Don't forget vaccines for skin problems

SKIN: The Journal of Cutaneous Medicine®, Dermatology and Vaccines: A Call to Arms

The World Health Organization (WHO) has included vaccine hesitancy among the top ten health threats worldwide in 2019!”— Kenneth Tomecki, MDNEW YORK CITY, NY, UNITED STATES, January 29, 2020 / -- Vaccination is important and necessary! Widespread concern soars over the recent coronavirus outbreak because there is not a working vaccine. However, the fact remains that excellent vaccines exist for many other infections!

Some of the more common, dermatology-related vaccines include human papillomavirus (HPV), varicella, herpes zoster, and measles, mumps, and rubella (MMR). Despite the efficacy, safety, and cost-effectiveness of these vaccines being well established, significant reluctance to routinely utilize them continues to persist. Unfortunately, the controversy surrounding vaccination, in general, has been a point of contention since its inception, but communities have become increasingly divided over the past decade. This divide has now lead the World Health Organization (WHO) to include vaccine hesitancy among the top ten health threats worldwide in 2019!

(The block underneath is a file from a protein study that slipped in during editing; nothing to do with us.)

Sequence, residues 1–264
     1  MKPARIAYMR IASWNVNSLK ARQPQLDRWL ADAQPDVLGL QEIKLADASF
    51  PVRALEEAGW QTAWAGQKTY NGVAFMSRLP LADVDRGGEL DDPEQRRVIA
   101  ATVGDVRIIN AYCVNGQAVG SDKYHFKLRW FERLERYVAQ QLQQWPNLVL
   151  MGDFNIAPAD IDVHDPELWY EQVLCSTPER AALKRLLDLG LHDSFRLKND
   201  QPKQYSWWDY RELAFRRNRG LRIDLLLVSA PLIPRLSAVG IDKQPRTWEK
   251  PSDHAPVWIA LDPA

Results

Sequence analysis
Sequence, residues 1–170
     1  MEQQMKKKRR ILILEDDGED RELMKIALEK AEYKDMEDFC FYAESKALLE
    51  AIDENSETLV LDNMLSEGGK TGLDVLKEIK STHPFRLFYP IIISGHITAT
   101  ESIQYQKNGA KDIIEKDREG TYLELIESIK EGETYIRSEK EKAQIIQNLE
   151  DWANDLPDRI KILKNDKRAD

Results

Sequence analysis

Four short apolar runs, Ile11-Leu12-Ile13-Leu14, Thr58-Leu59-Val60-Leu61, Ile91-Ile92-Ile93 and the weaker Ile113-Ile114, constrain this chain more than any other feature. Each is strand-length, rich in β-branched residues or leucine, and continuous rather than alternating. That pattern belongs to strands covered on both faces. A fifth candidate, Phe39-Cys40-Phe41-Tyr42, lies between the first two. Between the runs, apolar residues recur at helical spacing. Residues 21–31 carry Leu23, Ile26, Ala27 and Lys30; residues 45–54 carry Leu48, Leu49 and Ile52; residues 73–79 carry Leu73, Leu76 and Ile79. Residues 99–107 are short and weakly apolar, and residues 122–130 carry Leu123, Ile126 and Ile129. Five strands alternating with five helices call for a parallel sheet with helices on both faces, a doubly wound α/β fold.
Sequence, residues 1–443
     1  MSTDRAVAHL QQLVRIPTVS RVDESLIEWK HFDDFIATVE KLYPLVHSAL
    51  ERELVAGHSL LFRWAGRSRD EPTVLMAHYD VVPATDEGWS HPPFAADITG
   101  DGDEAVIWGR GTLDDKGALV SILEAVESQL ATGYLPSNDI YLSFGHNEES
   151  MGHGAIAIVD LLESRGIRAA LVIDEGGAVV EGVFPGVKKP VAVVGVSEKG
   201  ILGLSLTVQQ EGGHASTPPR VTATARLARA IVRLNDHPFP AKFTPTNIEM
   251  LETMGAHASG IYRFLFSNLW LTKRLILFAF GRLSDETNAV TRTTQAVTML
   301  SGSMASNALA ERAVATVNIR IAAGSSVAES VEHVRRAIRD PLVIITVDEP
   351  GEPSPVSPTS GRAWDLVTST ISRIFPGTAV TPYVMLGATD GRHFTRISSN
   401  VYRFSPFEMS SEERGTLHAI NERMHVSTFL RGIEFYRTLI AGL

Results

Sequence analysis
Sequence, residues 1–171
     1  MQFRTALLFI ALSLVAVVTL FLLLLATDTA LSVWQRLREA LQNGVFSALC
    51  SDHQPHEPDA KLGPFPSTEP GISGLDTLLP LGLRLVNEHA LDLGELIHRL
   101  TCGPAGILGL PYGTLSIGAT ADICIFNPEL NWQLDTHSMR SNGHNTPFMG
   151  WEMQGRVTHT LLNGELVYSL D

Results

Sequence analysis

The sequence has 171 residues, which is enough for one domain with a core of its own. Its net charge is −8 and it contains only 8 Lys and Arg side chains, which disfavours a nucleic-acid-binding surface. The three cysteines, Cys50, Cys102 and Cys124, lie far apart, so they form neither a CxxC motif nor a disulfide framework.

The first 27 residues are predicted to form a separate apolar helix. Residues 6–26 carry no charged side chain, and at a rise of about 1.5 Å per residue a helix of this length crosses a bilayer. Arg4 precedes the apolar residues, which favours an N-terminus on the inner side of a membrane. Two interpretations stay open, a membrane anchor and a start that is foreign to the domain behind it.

In this article, Kenneth Tomecki, MD notes that there are many published guidelines for recommending vaccines at various stages of one’s life, but that utilization is sometimes subpar without sound reasoning. Moreover, important information about vaccination is not routinely or widely disseminated to the public. This, in addition to an overwhelming perpetuation of misinformation via social media, continues to fuel the antivaccination movement – ultimately creating an undue risk of infection and infection-related complications.

The author also notes that it is important to emphasize that vaccines are not just for children. For example, the HPV vaccine (Gardisil) protects against HPV 16 and 18, which accounts for at least 70% of cervical cancers. The vaccine can also be used as an effective treatment for warts, basal cell carcinoma, and squamous cell carcinoma.

Most importantly, the author notes the critical importance of physicians having the responsibility to both educate and encourage patients to make healthy decisions based on the facts – and, that they should consider vaccination a “call to arms!”

SKIN: The Journal of Cutaneous Medicine® is a peer-reviewed online medical journal that is the official journal of The National Society for Cutaneous Medicine. The mission of SKIN is to provide an enhanced and accelerated route to disseminate new dermatologic knowledge for all aspects of cutaneous disease.

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(DOI: 10.25251/skin.4.1.1)

Kenneth J. Tomecki
Cleveland Clinic, Department of Dermatology
+1 216-444-5729
email us here

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